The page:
Gladys Ramirez has some big shoes to fill taking over for Susi Westfall, City Theatre’s founder, a fact of which Ramirez is well aware.
“They’re big shoes to fill, everyone knows Susi, so very big shoes to fill,” says Ramirez. “Susi came to be at the helm of a large cultural institution in Miami when that wasn’t a thing.” Ramirez adds , “When I graduated from New World School of the Arts there weren’t a lot of women in charge, much less Latin women. For me to be a Latina woman in this position now, I have a lot live up to and I don’t want to disappoint the community.”
A fixture in the Miami arts community theater, Ramirez realizes that so many members of the community, in one way or another, have been involved with City Theatre and says “Susi has been wonderful about letting me do my thing and turn the chapter on to this new era of City Theatre. She’s been very encouraging and we’ve worked well together.”
Westfall will remain on the City Theatre’s Board of Directors and leaves the organization in more than capable hands. Ramirez’s life in theater began at the ripe old age of 10 when she was in the school production of “Annie.” But she wasn’t interested in playing the red-headed lead, she was a fan of another role.
“I saw Carol Burnett play Ms. Hannigan and I auditioned and got the part in the school production. It was my first taste of theater in fifth grade and that’s where so much of my personal passion comes from,” said Ramirez.
She continued performing in plays all through high school and her connection to City Theatre began shortly after when she did six seasons of their Shorts Gone Wild, their LGBT series. She was also working with Fantasy Theatre Factory.
“I was going wherever I could find work and I kept getting hired back for Shorts Gone Wild and I loved it. That experience allowed me to play a wide range of characters instead of being stereotyped to play the Latin girl,” said Ramirez.
Margaret Ledford, City Theatre’s Artistic Director gave Ramirez her first opportunity to direct and that led to doing five or six more directing positions.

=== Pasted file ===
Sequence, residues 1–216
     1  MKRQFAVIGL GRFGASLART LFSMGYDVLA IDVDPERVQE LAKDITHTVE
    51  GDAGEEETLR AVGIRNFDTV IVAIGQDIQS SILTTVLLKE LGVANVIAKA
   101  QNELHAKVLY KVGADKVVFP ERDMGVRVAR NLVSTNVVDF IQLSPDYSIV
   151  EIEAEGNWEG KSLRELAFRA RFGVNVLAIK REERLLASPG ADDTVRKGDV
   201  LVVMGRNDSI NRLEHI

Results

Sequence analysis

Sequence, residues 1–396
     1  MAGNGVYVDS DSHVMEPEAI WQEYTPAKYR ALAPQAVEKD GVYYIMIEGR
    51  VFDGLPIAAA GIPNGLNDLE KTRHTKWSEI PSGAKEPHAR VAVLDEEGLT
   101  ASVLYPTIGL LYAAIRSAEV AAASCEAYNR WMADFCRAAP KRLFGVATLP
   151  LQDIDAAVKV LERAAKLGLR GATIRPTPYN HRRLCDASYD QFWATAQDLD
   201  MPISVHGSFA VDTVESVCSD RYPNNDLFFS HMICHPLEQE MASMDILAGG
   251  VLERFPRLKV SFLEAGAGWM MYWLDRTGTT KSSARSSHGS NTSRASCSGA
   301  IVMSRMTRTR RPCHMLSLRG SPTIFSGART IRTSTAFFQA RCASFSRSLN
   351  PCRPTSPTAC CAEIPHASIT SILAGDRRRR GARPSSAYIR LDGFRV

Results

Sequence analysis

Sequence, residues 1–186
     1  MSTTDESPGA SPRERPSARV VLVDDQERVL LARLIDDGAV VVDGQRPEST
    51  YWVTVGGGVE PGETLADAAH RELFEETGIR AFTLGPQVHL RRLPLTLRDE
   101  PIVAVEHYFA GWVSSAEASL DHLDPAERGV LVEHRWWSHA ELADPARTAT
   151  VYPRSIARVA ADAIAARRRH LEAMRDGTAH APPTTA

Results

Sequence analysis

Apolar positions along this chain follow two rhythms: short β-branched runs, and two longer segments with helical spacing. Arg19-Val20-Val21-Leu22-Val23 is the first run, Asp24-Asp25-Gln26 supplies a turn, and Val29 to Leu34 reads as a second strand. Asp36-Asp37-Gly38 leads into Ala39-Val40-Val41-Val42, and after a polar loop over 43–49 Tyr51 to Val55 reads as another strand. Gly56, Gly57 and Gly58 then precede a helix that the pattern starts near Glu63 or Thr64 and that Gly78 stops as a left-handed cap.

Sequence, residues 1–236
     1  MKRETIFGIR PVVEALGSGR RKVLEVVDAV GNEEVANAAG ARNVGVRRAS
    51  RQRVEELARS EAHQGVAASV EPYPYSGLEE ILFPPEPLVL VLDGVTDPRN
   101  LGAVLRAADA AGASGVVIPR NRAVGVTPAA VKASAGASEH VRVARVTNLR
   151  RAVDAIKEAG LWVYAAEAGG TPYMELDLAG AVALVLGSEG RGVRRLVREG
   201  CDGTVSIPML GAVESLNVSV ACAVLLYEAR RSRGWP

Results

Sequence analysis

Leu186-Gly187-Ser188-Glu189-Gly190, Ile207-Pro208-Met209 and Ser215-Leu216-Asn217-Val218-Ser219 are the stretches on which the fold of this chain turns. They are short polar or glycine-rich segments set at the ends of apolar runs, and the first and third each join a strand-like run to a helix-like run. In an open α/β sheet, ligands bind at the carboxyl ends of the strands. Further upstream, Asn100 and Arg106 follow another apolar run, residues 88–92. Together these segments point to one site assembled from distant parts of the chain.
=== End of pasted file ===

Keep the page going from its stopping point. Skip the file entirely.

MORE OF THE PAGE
Prior to taking over at City Theatre she worked in community engagement and public programming at both ICA Miami in the Design District and the Norton Museum in West Palm Beach where she was Director of audience engagement.
“All of this was a great learning experience, I got to see things from the other side, learn about organization and management as well as managing larger budgets,” she said.
Then, like so many people, the pandemic changed things for her and she felt she needed to get back to her first love, theater.
“I felt like I’d accomplished a lot. I knew I wanted to do my own thing then Margaret and I started the conversation. She mentioned Susi was considering transitioning and I came to City Theatre in October 2021 as general manager,” said Ramirez.
Over the course of that year when Ramirez was general manager she says “Susi began going over everything it took for the transition.”
Being in charge also comes with personal goals and missions which as Executive Director, Ramirez has many.
She wants to put the “city” into City Theatre and invest in the community. As the launching pad for Hollywood darling Oscar Isaac, who did a Summer Shorts as well as the careers of other playwrights, Ramirez knows they have support around the country.
“My role now is the perfect storm, utilizing my community engagement and programming with theater background and making what we produce and how we present it a major investment,” she said.
That includes developing their successful City Reads program further, expanding it to other cities and counties and for other ages, ultimately developing community partnerships.
“We want to use our platform to extend the conversation. Those kinds of ideas are what we want to move forward with,” Ramirez said.
Also, taking a look at how their programs fit into one another and how they are reaching audiences even from a development standpoint, and continue the momentum of Give Miami Day where “what we raised for was phenomenal for our size,” she said.
Finally, “we need to work on the drain of talent both on stage and behind the scenes, what can we do to bring the theater community together to have these resources, have local people in these roles and find ways to collaborate with the theater community,” she said.
Ramirez is up to the task saying “I’m entering the stage in my life that I want to put my head down and do this, take ownership.”
Written by Josie Gulliksen for Artburst Miami, shared with permission.